Solar Energy Consuming Coal’s UK Market Share

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Solar energy, and renewable energy as a whole, is stealing notable market share from coal energy in the UK, according to the most recent market analysis from EnAppSys.

The findings follow the general trend that’s been observed in the UK market (and other market, like the USA) in recent times — the downslide of coal energy and the rise of renewables. Of particular note, solar photovoltaic (PV) electricity generation surpassed coal-based electricity production for the first time in the UK during May 2016 (which we covered enthusiastically, of course).

rooftop solar UK

The quarterly report placed solar PV electricity production in the UK during May 2016 at 1.38 terrawatt-hours (TWh), and coal-based electricity production during the same time period at 0.89 TWh. That makes for a more than 50% discrepancy between the two.

Business Green continues, revealing that, “during the April to June period, levels of coal generation fell by as much as 70% compared to the previous quarter and 76% in comparison to the same quarter in 2015. For three days straight during May, the UK’s electricity system also passed the historic milestone of being coal-free for the first time in more than 130 years.”

This rapid decline was mostly down to the recent “closure of many coal generators from the wholesale market as a result of poor market conditions largely attributed to the UK’s carbon price floor and a reduction in the price of gas power.”

Continuing: “Meanwhile, during the second quarter solar PV sites generated 23% more electricity than the previous quarter and 174% more than the same quarter in 2015. The solar increase reflects a drive from solar firms over the past year to obtain Renewables Obligation Certificates (ROCs) for solar farms before a March 31 2016 deadline, EnAppSys said. However, given the deadline has now passed current estimated UK solar capacity of 11-12 GW is now expected to grow much slower over the next few years.”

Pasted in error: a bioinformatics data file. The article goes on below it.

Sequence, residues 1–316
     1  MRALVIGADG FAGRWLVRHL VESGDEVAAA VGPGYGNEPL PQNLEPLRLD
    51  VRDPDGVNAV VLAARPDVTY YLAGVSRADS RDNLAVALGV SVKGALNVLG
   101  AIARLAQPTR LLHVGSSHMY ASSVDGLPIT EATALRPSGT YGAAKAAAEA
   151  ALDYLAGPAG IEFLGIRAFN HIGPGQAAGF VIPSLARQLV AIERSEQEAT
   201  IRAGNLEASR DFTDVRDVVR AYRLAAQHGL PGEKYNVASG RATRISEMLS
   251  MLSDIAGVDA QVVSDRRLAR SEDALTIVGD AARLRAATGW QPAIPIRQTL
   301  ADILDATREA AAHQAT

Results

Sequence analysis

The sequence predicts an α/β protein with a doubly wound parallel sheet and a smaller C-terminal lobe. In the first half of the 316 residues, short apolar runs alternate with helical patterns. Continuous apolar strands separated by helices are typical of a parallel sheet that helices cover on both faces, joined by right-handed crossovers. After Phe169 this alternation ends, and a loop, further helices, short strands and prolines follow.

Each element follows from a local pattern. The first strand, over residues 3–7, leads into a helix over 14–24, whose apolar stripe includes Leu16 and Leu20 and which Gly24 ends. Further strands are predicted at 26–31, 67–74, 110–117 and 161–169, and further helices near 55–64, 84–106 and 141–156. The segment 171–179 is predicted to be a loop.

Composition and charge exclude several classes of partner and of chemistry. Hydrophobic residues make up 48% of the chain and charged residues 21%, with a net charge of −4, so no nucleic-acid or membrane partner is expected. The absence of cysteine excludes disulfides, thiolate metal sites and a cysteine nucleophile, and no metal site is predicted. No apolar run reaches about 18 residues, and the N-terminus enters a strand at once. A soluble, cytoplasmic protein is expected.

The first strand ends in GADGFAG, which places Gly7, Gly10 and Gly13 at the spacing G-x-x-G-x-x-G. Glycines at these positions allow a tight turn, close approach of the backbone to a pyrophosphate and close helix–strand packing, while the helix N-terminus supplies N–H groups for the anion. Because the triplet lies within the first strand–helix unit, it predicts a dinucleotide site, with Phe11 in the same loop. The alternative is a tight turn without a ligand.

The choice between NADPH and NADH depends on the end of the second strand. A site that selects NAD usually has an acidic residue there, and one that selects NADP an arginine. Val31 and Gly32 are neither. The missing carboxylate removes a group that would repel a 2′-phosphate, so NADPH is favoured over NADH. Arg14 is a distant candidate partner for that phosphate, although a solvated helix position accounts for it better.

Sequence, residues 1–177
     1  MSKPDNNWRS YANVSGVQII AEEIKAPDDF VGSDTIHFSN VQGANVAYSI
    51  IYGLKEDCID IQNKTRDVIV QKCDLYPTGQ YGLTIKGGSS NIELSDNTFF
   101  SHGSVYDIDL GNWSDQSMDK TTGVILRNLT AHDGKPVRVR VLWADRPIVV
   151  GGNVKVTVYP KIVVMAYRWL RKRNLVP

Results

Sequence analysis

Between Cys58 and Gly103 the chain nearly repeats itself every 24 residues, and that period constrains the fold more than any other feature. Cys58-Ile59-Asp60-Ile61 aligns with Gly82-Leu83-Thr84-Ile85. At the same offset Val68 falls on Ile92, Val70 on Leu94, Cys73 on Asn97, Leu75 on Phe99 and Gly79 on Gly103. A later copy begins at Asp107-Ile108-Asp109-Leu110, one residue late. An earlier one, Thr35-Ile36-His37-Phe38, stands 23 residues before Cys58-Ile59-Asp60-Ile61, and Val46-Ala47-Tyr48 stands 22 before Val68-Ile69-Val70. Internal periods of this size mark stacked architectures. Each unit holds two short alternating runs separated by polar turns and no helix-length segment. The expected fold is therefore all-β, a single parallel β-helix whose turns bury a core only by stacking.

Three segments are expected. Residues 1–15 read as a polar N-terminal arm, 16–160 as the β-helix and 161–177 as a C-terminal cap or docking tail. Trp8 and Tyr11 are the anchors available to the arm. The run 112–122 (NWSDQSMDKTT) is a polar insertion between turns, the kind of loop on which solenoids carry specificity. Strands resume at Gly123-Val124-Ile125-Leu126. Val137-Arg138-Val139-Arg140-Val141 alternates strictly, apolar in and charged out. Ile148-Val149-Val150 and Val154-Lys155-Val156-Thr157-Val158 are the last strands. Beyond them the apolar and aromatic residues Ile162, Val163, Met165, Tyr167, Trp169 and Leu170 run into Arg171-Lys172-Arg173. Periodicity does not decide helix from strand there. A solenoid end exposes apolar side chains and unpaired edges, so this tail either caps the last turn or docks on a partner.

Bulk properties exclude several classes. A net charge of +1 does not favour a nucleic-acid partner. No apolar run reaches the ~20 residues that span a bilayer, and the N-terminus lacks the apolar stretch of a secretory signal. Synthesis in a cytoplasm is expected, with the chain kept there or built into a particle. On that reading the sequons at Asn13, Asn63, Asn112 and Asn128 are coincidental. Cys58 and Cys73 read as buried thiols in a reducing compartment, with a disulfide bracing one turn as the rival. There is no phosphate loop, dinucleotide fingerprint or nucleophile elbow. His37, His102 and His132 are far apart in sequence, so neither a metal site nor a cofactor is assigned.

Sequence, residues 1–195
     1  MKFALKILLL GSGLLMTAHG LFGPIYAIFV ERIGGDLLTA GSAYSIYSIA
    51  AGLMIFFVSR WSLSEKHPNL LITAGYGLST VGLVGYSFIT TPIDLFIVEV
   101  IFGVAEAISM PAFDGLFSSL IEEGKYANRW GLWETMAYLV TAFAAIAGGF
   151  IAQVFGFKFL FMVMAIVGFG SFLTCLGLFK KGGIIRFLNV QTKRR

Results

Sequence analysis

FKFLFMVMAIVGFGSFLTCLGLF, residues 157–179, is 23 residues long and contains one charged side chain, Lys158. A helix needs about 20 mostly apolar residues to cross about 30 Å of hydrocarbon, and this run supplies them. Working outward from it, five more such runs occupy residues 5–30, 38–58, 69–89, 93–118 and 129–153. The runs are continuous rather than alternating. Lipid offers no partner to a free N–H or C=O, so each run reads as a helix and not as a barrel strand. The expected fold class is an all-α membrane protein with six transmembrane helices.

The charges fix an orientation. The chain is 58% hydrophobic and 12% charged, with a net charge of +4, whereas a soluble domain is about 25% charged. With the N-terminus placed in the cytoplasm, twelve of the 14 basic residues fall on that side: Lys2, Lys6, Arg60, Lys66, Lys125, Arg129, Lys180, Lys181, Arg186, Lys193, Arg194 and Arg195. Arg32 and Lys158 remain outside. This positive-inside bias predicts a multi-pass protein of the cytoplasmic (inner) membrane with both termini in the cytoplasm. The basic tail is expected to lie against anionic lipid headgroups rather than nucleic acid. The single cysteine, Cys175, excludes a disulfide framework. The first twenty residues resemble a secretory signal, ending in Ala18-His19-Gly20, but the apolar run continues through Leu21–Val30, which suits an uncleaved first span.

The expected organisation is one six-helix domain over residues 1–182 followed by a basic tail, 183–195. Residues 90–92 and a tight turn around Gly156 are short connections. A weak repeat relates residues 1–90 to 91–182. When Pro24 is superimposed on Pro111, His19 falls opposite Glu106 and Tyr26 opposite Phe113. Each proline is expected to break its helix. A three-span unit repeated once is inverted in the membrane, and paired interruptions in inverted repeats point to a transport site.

The decline of coal means that the UK’s energy policy has been “more successful in the short term than was ever expected,” according to the director of EnAppSys, Phil Hewitt.

Hewitt continued:

This quarter’s electricity generation picture provides a clear example of how energy policy decisions can affect the electricity supply market. The closure of the Renewable Obligation to small solar farms has seen a mass pre-deadline buildout of solar generation and DECC’s negative view of coal, in combination of the capacity mechanism and carbon price floor measures, has seen coal generation opt out of the wholesale market much earlier than expected.

With planned expansions in renewables, battery storage, import capacity and nuclear generation all still intended, it is clear that that the era of large thermal generation is slowly coming to an end, with less room for large coal and gas plants in the market. Overall the market is now clearly continuing to move towards a model that supports the intermittent supply of renewable generation through flexible generation.

Many Brits will certainly have an easier time breathing thanks to the shift, and cancer rates will be improved as well.

Photo by Tom Chance (some rights reserved)

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James Ayre

James Ayre's background is predominantly in geopolitics and history, but he has an obsessive interest in pretty much everything. After an early life spent in the Imperial Free City of Dortmund, James followed the river Ruhr to Cofbuokheim, where he attended the University of Astnide. And where he also briefly considered entering the coal mining business. He currently writes for a living, on a broad variety of subjects, ranging from science, to politics, to military history, to renewable energy.

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